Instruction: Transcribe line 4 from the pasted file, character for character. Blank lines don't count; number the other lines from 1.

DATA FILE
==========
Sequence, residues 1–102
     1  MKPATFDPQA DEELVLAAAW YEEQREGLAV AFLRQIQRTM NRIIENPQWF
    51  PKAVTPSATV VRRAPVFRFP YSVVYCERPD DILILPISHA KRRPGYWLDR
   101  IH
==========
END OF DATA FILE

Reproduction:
   101  IH